Nouns, Pronouns, and Plurals

Japanese nouns, pronouns, and similar word classes in Japanese work much the way they do in English. We’ve talked a bit about nouns already, but this time we’ll go over nouns, as well as pronouns, in more detail. Then, we’ll talk about creating plurals out of each.

Recommended background:

The Structure of a Japanese Sentence

The Copula “Desu”

Nouns and Inflection

Japanese nouns do not inflect, or at least not in the traditional sense. In comparison, English nouns inflect to show singular vs plural, but nothing else. And because Japanese nouns also don’t take articles (a(n)/the), any particular Japanese noun could be translated several ways in English:

Hiragana Romaji English
ねこ neko a cat/the cat/the cats/some cats/cats in general

What Japanese does have is a class of demonstratives, words like “this” and “that”, which you will learn about very soon.

Also, as I noted in The Topic Marker “Wa”, the wa/ga distinction works in Japanese similarly to the articles a/the. (The differences between wa and ga will be the topic of a future lesson.)

But what about plurals? As it turns out, Japanese does have a sort of “plural” suffix, -tachi, which will be discussed below. This suffix isn’t a true plural, but instead means something closer to “and company”. Japanese also has a class of counters (like sheets of paper), which you will also learn about soon.

Two other common inflections of nouns are gender, usually male/female/neuter, and case, which reflects grammatical function.

In modern English, only pronouns have case. This is the distinction between “I” and “me”, “we” and “us”, and “he” and “him”: the first is the nominative case, used for subjects, and the other is the accusative case, for most other uses. Grammatical gender is found only in the third person pronouns: he/him and she/her.

Japanese nouns, too, have no gender, but particles like ga and o can be considered case markers, since they mark the grammatical role of a noun. But in general, it’s better to think of all particles as words rather than inflections.

Either way, languages with case marking tend to have a flexible sentence structure, and this is true of Japanese as well. The problem with this is that other particles, like wa, cause ga and o to disappear, making Japanese case somewhat ambiguous.

In the end, there isn’t much to worry about when using Japanese nouns. The difficulty lies in interpreting them, and even this isn’t terribly hard in context.


Technically, Japanese does not have any true personal pronouns, but it does have a number of words that are used much like pronouns, in that they substitute for a particular person. For the sake of simplicity, I will still refer to these words as pronouns.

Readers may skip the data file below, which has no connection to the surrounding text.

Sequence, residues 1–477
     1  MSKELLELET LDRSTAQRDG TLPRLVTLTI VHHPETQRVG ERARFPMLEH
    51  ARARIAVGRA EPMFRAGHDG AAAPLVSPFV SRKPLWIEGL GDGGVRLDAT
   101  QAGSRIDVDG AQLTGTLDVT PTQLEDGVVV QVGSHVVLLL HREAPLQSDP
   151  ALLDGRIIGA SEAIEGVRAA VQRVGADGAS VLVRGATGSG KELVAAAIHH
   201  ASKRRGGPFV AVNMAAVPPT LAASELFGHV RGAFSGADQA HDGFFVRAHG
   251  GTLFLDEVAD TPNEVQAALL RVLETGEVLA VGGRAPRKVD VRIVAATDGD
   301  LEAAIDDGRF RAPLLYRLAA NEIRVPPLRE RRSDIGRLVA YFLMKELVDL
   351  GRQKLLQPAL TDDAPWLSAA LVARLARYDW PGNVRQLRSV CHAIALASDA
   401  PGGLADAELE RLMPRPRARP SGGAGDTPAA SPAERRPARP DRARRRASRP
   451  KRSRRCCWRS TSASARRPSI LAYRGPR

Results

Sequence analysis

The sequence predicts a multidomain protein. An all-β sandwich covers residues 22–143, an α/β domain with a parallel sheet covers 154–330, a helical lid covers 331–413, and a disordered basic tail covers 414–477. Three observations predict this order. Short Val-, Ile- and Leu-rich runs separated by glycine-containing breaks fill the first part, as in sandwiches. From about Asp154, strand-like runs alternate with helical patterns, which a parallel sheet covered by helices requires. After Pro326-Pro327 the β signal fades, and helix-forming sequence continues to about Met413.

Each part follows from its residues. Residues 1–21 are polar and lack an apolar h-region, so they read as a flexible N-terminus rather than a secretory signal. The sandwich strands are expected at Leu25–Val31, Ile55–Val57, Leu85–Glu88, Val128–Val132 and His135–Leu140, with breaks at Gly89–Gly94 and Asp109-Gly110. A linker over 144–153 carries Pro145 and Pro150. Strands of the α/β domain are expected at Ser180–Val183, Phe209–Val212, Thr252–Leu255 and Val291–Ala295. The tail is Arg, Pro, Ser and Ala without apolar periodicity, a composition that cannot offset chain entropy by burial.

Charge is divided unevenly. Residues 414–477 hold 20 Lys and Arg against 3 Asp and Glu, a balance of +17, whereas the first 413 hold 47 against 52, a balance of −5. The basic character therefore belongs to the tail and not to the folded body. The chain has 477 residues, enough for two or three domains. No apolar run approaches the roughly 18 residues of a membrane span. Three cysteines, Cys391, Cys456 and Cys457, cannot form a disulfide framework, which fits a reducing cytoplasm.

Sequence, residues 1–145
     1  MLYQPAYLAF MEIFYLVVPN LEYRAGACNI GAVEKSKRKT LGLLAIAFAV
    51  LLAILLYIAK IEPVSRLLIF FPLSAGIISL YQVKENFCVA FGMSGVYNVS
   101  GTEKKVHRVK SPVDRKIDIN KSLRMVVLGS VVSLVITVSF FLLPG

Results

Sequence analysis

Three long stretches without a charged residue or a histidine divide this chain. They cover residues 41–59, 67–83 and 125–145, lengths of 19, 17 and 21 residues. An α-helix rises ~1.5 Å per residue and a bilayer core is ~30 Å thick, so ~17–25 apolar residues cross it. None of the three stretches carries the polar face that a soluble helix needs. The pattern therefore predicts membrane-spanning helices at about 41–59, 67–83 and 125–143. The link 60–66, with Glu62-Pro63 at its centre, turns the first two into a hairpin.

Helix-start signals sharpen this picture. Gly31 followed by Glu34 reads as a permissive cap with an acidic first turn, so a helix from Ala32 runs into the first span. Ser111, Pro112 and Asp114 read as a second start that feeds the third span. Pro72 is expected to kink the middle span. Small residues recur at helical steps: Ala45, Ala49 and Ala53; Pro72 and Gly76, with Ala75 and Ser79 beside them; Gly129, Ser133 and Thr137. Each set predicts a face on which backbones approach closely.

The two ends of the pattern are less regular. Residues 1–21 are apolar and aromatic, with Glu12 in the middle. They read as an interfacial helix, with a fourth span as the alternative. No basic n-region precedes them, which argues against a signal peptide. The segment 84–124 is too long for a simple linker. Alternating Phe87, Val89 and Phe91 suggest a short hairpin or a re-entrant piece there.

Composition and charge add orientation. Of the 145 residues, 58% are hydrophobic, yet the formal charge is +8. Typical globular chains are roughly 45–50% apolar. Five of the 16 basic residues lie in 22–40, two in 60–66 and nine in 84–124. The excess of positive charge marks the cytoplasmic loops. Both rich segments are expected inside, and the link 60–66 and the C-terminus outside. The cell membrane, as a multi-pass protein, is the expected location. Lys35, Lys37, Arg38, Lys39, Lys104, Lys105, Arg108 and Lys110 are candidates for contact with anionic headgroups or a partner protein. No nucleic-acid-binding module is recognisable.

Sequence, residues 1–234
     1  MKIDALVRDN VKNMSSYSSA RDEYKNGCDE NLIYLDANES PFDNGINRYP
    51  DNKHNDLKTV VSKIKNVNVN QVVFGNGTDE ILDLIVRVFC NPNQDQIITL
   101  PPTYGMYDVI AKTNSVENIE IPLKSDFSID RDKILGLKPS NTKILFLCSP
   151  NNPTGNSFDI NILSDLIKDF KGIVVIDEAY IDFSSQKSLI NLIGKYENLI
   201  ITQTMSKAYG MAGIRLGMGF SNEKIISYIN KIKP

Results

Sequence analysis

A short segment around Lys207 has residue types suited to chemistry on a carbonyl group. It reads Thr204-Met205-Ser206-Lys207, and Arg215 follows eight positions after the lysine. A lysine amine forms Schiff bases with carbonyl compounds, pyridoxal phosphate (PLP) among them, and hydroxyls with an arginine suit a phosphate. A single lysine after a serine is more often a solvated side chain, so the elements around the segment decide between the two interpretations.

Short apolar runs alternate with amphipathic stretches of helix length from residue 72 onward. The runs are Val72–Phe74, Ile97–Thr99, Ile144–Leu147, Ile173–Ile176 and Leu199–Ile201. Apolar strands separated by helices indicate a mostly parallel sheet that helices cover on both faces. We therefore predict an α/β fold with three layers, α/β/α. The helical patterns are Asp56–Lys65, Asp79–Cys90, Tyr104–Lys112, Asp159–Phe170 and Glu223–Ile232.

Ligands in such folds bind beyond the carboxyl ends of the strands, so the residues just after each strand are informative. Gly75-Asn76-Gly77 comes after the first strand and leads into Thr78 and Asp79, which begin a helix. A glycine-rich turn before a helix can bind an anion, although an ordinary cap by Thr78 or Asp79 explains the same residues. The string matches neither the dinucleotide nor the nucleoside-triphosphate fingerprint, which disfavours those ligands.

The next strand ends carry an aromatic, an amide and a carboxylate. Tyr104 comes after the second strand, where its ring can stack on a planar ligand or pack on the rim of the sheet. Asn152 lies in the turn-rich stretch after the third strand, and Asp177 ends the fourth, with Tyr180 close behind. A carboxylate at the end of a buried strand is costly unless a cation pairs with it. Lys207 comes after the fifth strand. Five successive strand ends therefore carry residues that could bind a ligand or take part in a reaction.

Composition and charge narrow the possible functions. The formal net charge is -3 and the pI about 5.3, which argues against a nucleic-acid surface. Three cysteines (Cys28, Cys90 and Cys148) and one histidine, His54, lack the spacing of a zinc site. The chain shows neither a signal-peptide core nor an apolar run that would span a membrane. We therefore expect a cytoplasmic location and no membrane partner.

Note: the demonstratives include several actual pronouns.

In general, you can use pronoun in any place you can use a noun or noun phrase. For example:

“He/him” = “the tall guy across the street”.

Here are a few Japanese pronouns you might encounter early on:

English Japanese
1st Person Singular I, me わたし watashi formal, gender neutral
わたくし watakushi humble, neutral
ぼく boku informal, male
あたし atashi informal, female
2nd Person Singular you あなた anata formal
きみ kimi informal/intimate
3rd Person Singular he, she,
him, her
かれ kare male
かのじょ kanojo female
あのひと ano hito “that person”

Note that each word has a literal meaning – the original meaning of the noun. For example, watashi and atashi are both derived from watakushi, which means “private”.

There is also a reflexive pronoun in Japanese: じぶん (jibun), which means “oneself”, and substitutes for “myself”, “yourself”, and so on.

All of these words are true nouns – you can say something like “the surprised he” (odoroita kare), which would be ungrammatical in English.

Most of the pronouns also have alternate uses. Kare and kanojo are more frequently used to mean “boyfriend” and “girlfriend” respectively, and anata and kimi are often used to address one’s husband or wife, respectively (like English “dear” and “honey”).

Otherwise, 2nd person pronouns are rarely used, since addressing others by their name is almost always preferred. Likewise for the 3rd person pronouns. If you’re referring to the same topic as the previous sentence, it’s more common simply to drop the topic altogether. 1st person pronouns are perhaps the most common, but even these are often unnecessary.

In general, to avoid sounding overly foreign, you should use pronouns as little as possible in Japanese.

The Plural Suffix “Tachi”

The suffix -tachi can be loosely translated as “and company”. It can be attached to any noun or pronoun to make a quasi-plural representing a group of people.

きむらさんたち Kimura-san-tachi Kimura and company
わたしたち watashi-tachi we, us (I and company)
あなたたち anata-tachi you, you guys (you and company)
*かれら *karera they, them

*In the case of the third person plural, -ra, another plural suffix, is used instead of -tachi.

Again, watashi-tachi is the most common of the plural pronouns.

You can also make general nouns (living things) explicitly plural with -tachi, with the same meaning: a specific being and others around them.

いぬたち inu-tachi (a specific group of) dogs

To say “dogs” in the sense of “dogs in general”, you would simply say inu.

True Plurals

Some nouns do have an explicit plural form, created by reduplicating the base word.

ひとびと hitobito people
やまやま yamayama mountains

But these are the exception rather than the rule.

Notice the added dakuten on second ‘hi’, making “hitobito”? This added voicing is called rendaku and is common (although somewhat unpredictable) in certain types of compound words.

Words to Remember

Hiragana Romaji Class English
わたし watashi pron. I/me
-たち -tachi suffix “pluralizer”

What Next?

“No”, the Modifying Particle

Questions and Negation

Demonstratives: the Ko-so-a-do Series

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